Drug Reinforcement is Enhanced by Social Stimuli
Many prior investigations have examined the interaction between social influences and the reinforcing properties of drugs of abuse. Reports from animal studies show that social isolation, or social subordination, is associated with an enhanced propensity to self-administer drugs such as cocaine or alcohol. In human subjects, subjective effects vary as a function of the social situation (alone or with peers) during testing. However, little is known about the effects of social stimuli, which are known to be inherently rewarding, on the reinforcing strength of drugs of abuse in the self-administration model. In the laboratory of Dr. Marilyn Carroll at the University of Minnesota, studies have been conducted to establish oral self-administration of PCP in rhesus monkeys. Dr. Carroll and colleagues have recently tested the effects of a nearby conspecific on PCP self administration in this model. Ten adult monkeys consumed 0.25 mg/ml PCP with water concurrently available, under fixed ratio (FR16) schedules. The test chamber could be fitted with a solid partition between two animal cages, or a grid that permitted access to a conspecific in the neighboring cage. After intake was stable with the solid partition in place, the grid wall was inserted for 14 days and when responding stabilized again, the solid partition was replaced. Salivary cortisol measures were taken during solid and grid partition phases. In the next phase of the experiment all animals were tested on progressive ratio (PR) schedules, (i.e., concurrent PRs for water and PCP), with increasing concentrations of the drug (0.125, 0.25, 0.5 and 1.0 mg/ml). Break points (BPs) were identified as the number of responses the animal was willing to make to receive drug at each of these concentrations. When observed under grid conditions monkeys vocalized (e.g., barking) and displayed interactive gesturing. Under these conditions, PCP intake was significantly greater than during the first, solid partition phase and remained significantly elevated even when the solid partition was replaced. Since water intake also increased under grid conditions, it is possible that the social stimuli non-specifically enhanced consummatory behavior. However, on the PR schedule, mean BPs under grid conditions were significantly higher for all but the highest dose of PCP, with no change in BPs for water, suggesting that these social stimuli facilitate drug intake. Furthermore, while presence of the neighboring monkey was a novel stimulus, it does not appear that elevated intake can be attributed to introduction of a stressor, since cortisol levels were no different during solid versus grid partition conditions. Newman, J.L., Perry J.L., and Carroll, M.E. Social Stimuli Enhance Phencyclidine (PCP) Self-administration in Rhesus Monkeys. Pharmacol. Biochem. Behav. 87, pp. 280-288, 2007.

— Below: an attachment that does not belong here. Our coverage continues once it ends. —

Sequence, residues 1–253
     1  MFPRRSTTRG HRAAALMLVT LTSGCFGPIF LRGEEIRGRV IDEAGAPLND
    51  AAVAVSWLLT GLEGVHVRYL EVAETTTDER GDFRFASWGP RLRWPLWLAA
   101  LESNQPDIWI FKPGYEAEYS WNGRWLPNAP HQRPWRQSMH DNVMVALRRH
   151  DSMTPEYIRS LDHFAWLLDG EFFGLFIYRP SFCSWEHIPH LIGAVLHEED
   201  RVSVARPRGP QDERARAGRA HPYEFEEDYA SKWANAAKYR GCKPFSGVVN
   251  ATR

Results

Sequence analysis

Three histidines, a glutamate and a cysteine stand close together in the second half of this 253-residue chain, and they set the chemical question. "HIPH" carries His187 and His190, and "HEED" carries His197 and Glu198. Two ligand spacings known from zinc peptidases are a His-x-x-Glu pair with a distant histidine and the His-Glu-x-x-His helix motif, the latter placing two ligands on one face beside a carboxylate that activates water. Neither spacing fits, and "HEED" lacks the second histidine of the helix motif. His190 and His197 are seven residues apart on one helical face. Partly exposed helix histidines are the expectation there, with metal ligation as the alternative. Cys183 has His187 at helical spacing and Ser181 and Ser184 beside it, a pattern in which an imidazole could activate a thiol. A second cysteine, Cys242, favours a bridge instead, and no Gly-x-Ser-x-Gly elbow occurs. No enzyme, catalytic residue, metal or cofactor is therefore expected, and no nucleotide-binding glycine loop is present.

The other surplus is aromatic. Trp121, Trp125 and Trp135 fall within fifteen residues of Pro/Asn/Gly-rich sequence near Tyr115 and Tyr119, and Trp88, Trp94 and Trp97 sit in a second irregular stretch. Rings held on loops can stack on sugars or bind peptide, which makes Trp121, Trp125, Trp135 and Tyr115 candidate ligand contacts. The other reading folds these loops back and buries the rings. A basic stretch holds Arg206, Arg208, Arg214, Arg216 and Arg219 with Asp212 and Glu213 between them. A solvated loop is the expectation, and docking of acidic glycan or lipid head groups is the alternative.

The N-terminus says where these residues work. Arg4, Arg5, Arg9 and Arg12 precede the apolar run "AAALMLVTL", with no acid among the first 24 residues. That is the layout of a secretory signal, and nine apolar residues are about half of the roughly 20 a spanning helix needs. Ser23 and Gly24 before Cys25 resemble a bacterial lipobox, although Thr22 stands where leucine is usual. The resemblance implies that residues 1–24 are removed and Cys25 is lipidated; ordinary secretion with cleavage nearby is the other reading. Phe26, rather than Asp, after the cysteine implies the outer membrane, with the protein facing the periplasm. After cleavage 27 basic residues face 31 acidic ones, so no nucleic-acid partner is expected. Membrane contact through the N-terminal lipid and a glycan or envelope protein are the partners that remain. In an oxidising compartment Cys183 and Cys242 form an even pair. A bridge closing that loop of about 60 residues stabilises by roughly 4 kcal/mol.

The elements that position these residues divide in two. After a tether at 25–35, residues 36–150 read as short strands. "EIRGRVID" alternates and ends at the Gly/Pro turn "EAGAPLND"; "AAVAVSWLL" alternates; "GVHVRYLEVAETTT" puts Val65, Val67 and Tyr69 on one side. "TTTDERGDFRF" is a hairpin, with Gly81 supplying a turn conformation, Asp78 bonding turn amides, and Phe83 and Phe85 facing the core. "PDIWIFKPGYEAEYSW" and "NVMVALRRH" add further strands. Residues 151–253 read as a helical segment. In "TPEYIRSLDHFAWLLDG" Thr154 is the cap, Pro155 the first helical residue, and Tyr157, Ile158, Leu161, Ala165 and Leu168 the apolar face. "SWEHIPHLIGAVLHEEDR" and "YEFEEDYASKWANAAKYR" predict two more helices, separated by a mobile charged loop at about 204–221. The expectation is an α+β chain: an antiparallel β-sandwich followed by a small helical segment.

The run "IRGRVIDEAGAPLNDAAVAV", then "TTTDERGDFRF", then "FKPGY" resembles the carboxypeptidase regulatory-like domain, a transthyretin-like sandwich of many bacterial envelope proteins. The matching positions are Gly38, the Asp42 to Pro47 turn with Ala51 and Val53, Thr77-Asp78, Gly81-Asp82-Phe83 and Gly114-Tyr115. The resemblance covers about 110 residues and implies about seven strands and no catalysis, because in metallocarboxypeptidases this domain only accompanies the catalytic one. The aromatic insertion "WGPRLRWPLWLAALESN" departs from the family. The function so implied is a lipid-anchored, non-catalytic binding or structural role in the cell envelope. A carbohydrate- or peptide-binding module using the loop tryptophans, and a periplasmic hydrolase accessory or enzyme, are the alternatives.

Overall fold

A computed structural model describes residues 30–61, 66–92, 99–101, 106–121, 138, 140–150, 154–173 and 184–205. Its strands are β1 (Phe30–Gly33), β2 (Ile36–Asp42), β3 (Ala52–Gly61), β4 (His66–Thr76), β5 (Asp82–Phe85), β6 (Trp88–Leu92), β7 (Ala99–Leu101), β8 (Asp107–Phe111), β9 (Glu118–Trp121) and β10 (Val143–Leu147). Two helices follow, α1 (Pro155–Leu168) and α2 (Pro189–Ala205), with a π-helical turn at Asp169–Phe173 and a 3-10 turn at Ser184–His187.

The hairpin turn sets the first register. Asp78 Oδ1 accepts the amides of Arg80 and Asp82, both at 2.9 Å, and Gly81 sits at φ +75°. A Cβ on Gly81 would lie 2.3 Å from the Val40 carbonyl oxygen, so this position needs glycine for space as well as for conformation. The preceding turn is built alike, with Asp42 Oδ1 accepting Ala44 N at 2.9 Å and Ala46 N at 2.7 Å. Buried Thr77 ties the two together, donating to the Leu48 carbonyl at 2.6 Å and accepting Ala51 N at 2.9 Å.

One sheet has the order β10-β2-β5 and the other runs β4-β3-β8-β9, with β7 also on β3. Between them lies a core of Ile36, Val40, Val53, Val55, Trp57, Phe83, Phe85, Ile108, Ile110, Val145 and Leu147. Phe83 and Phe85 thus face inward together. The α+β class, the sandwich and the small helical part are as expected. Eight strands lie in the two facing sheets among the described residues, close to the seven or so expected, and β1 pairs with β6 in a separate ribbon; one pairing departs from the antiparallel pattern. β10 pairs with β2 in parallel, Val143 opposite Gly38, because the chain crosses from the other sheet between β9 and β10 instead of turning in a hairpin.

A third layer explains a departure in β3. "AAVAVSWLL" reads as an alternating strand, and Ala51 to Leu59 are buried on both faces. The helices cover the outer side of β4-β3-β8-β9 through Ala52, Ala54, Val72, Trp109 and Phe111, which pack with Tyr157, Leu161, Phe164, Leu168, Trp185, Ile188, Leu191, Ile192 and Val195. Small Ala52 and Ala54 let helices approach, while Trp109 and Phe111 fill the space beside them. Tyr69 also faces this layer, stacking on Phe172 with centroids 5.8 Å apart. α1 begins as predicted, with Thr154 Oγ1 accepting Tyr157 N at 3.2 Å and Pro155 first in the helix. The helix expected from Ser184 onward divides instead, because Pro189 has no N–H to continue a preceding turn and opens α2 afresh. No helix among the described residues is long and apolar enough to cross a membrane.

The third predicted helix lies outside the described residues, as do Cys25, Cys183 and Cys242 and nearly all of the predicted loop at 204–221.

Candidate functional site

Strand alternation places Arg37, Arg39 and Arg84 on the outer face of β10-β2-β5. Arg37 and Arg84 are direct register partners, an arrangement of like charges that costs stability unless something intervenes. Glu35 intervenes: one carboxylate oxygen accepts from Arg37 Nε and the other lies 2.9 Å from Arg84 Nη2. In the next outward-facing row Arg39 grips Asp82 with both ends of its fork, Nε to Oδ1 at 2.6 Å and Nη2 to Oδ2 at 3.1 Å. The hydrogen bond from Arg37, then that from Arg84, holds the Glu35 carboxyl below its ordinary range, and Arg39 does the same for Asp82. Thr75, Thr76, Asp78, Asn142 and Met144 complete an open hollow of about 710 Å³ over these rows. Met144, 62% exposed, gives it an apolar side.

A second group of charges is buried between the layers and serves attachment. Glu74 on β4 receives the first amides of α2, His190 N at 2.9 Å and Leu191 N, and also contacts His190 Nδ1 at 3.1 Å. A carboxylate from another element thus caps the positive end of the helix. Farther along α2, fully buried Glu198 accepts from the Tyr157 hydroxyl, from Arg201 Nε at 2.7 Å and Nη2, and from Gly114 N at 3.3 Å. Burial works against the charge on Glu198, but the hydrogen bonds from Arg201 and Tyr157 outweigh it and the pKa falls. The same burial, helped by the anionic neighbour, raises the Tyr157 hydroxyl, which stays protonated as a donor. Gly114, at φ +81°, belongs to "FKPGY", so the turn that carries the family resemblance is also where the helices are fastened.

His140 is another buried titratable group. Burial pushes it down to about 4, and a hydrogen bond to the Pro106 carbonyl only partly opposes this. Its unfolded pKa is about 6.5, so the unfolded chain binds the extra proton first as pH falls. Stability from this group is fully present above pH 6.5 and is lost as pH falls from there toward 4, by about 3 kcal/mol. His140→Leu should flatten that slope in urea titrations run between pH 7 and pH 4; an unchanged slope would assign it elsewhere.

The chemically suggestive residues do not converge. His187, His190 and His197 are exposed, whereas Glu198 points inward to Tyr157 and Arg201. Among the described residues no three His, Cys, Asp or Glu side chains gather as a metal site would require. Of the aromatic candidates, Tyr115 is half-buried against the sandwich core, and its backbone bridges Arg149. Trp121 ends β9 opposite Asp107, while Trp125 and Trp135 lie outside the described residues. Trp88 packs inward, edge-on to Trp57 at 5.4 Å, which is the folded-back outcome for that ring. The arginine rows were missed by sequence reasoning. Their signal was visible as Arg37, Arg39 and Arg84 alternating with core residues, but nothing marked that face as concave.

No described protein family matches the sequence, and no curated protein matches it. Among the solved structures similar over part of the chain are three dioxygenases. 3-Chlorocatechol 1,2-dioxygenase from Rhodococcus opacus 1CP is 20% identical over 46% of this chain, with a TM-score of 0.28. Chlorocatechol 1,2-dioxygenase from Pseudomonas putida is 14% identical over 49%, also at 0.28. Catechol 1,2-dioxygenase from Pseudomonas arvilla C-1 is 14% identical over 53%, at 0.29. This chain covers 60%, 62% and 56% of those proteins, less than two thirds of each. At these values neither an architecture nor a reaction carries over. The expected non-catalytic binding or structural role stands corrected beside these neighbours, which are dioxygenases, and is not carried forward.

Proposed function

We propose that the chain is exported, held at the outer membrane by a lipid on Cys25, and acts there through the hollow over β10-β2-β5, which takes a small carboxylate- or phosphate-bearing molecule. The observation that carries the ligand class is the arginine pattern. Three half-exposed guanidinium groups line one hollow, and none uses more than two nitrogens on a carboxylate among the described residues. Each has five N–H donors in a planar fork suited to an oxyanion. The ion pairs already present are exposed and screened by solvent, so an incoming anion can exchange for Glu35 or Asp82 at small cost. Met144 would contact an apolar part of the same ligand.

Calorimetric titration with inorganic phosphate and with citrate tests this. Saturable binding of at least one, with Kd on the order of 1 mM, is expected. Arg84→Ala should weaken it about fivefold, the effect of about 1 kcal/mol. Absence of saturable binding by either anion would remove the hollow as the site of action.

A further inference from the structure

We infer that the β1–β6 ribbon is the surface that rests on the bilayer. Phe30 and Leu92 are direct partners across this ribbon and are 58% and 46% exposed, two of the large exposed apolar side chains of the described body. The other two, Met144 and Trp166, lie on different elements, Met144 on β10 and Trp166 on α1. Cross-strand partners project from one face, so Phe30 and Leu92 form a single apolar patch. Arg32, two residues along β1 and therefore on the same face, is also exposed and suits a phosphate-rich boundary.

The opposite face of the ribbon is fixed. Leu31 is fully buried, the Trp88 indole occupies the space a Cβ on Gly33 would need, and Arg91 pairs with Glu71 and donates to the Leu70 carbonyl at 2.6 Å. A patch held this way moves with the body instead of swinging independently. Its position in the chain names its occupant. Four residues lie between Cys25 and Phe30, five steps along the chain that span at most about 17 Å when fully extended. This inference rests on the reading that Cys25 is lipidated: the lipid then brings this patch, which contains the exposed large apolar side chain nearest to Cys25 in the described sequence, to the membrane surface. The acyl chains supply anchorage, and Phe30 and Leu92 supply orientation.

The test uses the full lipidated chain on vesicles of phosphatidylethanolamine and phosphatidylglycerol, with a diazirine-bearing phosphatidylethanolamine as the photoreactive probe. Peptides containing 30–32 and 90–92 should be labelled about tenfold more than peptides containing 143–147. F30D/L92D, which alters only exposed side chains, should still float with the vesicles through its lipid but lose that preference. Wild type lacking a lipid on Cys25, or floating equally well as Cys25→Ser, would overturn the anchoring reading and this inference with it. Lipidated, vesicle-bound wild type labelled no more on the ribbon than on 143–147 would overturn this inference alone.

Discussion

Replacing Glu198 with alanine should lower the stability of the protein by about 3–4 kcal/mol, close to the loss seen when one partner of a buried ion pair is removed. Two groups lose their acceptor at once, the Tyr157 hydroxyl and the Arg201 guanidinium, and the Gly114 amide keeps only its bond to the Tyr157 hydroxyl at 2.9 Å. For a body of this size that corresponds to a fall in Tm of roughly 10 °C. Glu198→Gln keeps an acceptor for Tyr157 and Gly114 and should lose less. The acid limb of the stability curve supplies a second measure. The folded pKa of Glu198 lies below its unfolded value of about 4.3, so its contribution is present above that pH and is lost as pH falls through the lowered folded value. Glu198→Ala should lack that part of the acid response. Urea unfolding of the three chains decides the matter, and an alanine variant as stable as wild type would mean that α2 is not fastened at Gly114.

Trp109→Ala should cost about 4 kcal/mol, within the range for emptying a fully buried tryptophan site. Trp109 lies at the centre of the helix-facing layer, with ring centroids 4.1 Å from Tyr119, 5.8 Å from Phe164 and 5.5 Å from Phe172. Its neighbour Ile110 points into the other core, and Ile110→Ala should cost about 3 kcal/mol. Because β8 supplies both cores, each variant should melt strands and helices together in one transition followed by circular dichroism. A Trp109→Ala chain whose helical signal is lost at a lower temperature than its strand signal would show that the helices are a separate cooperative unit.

Sex Differences in THC's Effects on Spatial Learning in Adult and Adolescent Rats
In 2006 Dr. Scott Swartzwelder and colleagues at Duke University reported effects of 2.5, 5.0, and 10.0mg/kg THC on learning in male adolescent and adult rats in the Morris water maze (Cha et al., 2006). The researchers found that THC disrupts both spatial and non-spatial learning more powerfully in adolescent rats than in adults at all dose levels. Dr. Swartzwelder and his colleagues have now published results from three studies that extend findings of this initial report. In the first study, effects of 5.0 mg/kg THC on spatial learning in the Morris Water maze were studied in male and female adolescent and adult rats over 5 daily test sessions. In males, spatial learning was impaired in adolescents on all test days, but was not impaired on any of the test days in adults. Among females, adolescents exhibited impairment on all test days, but adults were impaired only during the first two sessions. Thus, THC impairment was more potent in adolescents than adults and more potent in adult females than adult males. To assess the effects of chronic THC on subsequent learning, in a second experiment, separate groups of male and female adolescent and adults rats were treated with 5.0 mg//kg THC for 21 days and tested 28 days later in the Morris Water maze. Chronic THC treatment did not produce learning deficits in any of the groups. The third experiment was a THC dose-response study (2.5, 5.0, and 10.0mg/kg THC) using adolescent and adult female rats, conducted to parallel the initial experiment in males (Cha et al., 2006). Each dose was tested for 5 days. Consistent with the earlier outcome in males, THC produced a dose-response impairment in spatial learning. Although there was no overall age effect on spatial learning, there were differences in the dose-response function between adolescents and adults, suggesting a greater dose sensitivity in adolescents. Additionally, assessment of spatial memory indicated impairment in adolescents but not adults. These outcomes have important implications for future research on THC and other abused drugs. Animal model research in drug abuse has largely been conducted on adult males. The results of the present study join a growing body of drug abuse research showing that outcomes observed in adult males do not always generalize to females and to adolescents, highlighting the limitations of research conducted with only adult male subjects. Cha, Y.M., Jones, K.H., Kuhn, C.M., Wilson, W.A., and Swartzwelder, H.S. Sex Differences in the Effects of Delta(9)-tetrahydrocannabinol on Spatial Learning in Adolescent and Adult Rats. Behavioral Pharmacol. 18, pp. 563-569, 2007.